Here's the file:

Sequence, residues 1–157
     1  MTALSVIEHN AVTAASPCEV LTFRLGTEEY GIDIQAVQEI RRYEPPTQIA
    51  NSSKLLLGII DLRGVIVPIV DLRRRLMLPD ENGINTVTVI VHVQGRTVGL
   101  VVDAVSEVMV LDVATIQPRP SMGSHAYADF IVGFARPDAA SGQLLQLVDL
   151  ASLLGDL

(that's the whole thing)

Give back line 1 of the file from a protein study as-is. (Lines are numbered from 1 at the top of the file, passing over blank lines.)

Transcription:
Sequence, residues 1–157